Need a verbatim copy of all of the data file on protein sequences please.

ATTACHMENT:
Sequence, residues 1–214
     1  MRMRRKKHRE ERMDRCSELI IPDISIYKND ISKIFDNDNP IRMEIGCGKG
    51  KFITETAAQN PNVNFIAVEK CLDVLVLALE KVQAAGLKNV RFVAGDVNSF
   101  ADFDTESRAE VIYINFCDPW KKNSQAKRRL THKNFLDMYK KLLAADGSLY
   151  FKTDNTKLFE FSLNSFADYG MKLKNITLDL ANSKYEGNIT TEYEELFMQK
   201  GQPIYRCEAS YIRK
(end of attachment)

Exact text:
Sequence, residues 1–214
     1  MRMRRKKHRE ERMDRCSELI IPDISIYKND ISKIFDNDNP IRMEIGCGKG
    51  KFITETAAQN PNVNFIAVEK CLDVLVLALE KVQAAGLKNV RFVAGDVNSF
   101  ADFDTESRAE VIYINFCDPW KKNSQAKRRL THKNFLDMYK KLLAADGSLY
   151  FKTDNTKLFE FSLNSFADYG MKLKNITLDL ANSKYEGNIT TEYEELFMQK
   201  GQPIYRCEAS YIRK